A dislocation is an injury to a joint, a place where two or more bones meet, in which the ends of the bones are forced from their normal positions. A dislocation is a painful injury that temporarily deforms and immobilizes the joint.

Dislocation most often occurs in the shoulders and fingers. Other dislocation sites include the elbows, knees and hips. A dislocation injury requires prompt medical attention to return the bones in the original positions.

Most dislocations return to normal function within several weeks of rehabilitation and proper treatment. However, some joints may have an increased risk of repeat dislocation.



Symptoms of a dislocated joint include:


  • Joint that is visibly deformed or out of place
  • Joint that is swollen or discolored
  • Intense pain in the affected joint
  • Immobilization of the affected joint
  • Tingling or numbness near or below the injury



Dislocation injuries can occur in contact sports and in sports that involve falls such as football, gymnastics and downhill skiing. Basketball and football players commonly dislocate the joints in the fingers and hands by striking the ball, the ground or another player. Another cause of dislocation may be a hard blow to a joint during a motorized vehicle accident or landing on an outstretched arm during a fall.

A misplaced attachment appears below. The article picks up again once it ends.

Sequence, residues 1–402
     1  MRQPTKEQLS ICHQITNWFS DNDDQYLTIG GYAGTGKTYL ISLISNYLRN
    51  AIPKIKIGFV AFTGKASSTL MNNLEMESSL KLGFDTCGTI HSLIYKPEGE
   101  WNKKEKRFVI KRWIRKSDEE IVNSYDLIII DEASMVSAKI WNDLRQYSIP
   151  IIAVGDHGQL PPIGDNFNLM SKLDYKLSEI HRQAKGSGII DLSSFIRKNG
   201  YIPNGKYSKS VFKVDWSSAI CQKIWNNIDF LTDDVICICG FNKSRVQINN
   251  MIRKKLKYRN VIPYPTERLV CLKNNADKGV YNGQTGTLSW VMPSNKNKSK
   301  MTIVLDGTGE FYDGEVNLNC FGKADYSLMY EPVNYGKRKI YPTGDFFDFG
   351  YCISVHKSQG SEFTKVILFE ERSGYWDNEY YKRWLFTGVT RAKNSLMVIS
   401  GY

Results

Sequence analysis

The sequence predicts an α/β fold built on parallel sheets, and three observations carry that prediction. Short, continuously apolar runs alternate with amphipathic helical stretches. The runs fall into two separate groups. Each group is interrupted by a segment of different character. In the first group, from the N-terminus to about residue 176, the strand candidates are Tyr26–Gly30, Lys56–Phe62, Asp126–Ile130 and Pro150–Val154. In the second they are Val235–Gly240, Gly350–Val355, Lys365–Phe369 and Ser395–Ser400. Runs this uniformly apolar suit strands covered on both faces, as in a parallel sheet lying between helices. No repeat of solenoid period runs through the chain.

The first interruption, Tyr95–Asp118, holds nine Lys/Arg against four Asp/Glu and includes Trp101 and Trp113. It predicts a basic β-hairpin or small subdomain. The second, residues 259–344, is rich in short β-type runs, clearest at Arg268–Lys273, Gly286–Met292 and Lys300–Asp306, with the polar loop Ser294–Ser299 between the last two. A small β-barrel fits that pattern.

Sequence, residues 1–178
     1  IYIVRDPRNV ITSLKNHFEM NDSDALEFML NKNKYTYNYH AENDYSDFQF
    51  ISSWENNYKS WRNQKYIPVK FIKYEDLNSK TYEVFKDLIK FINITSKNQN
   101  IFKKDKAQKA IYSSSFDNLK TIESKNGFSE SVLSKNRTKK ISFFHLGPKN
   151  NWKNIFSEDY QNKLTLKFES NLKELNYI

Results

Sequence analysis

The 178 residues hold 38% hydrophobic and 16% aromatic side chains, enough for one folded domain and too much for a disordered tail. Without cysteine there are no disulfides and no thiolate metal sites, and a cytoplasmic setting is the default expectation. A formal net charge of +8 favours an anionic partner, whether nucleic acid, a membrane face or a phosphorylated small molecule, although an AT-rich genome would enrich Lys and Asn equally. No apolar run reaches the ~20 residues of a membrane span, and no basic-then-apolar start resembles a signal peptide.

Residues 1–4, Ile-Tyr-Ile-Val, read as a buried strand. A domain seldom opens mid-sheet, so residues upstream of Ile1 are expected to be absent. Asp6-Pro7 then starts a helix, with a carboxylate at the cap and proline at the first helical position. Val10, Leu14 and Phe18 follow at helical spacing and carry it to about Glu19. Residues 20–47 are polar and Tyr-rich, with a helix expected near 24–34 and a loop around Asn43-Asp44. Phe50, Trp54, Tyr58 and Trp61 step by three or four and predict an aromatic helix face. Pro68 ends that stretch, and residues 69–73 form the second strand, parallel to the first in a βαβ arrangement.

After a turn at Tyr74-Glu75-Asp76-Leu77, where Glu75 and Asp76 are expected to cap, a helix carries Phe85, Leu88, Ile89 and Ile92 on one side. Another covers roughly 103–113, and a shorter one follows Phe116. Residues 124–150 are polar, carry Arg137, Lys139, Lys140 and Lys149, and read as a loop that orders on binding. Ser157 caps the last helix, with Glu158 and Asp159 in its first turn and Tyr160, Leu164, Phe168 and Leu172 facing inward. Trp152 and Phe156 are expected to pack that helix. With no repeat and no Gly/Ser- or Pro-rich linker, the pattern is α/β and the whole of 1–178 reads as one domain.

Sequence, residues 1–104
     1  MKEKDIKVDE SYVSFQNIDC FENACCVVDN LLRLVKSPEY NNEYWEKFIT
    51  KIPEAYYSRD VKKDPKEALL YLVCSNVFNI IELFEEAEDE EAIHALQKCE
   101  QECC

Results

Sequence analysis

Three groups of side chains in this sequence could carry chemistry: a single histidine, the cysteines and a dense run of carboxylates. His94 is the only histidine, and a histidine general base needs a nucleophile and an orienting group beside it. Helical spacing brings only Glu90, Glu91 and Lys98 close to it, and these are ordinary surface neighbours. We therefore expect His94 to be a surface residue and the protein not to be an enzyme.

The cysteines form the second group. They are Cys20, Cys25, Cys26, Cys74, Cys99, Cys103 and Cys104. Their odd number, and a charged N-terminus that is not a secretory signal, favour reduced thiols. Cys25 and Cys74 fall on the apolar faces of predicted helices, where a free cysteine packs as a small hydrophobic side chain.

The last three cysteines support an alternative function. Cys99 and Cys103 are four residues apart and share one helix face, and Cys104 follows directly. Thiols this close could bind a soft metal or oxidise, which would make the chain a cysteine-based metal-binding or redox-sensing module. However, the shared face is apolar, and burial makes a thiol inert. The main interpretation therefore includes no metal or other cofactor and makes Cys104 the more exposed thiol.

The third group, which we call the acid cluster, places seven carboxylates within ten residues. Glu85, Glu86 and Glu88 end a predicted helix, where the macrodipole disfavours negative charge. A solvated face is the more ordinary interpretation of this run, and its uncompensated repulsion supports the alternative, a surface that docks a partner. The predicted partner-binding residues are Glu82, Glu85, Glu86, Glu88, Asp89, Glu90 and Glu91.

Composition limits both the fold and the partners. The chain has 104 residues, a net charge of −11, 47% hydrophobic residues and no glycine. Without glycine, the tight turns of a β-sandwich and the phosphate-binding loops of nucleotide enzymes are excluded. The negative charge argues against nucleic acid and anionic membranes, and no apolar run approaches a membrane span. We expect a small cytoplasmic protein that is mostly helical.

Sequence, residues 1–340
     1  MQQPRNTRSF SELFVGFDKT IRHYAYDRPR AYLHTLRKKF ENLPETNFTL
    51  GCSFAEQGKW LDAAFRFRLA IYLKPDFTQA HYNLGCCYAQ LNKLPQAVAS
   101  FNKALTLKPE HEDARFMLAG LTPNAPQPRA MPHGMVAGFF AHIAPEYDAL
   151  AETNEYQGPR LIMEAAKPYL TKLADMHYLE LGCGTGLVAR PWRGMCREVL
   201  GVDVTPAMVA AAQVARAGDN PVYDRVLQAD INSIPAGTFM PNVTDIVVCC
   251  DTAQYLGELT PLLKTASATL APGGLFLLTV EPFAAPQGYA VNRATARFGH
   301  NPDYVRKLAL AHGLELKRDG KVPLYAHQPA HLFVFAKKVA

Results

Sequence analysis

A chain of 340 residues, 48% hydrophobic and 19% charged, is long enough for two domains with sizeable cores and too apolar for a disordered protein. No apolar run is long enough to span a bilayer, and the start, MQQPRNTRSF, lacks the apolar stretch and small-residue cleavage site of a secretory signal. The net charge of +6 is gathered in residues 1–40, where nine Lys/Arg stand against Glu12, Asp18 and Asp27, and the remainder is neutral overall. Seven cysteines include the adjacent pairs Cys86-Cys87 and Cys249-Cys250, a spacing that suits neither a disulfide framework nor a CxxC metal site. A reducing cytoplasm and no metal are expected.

Risk factors

Factors that increase the risk of joint dislocation include:


  • Susceptibility to falls
  • Heredity (being born with ligaments that are looser and prone to injury)
  • Sports participation
  • Motor vehicle accidents



Complications of joint dislocation may include:


  • Tearing of the muscles, ligaments and tendons that reinforce the injured joint
  • Nerve or blood vessel damage in or around the joint
  • Susceptibility to repeated injuries in the case of severe dislocation or repeated dislocation
  • Development of arthritis in the affected joint


Surgery may be necessary if ligaments or tendons that support the injured joint have been stretched or torn or if blood vessels that surround the joint have been damaged.



The following tips may help prevent dislocation:


  • Precautions to avoid falls
  • Protective gear when playing contact sports or sports that involve falls
  • Avoiding recurrence with strength and stability exercises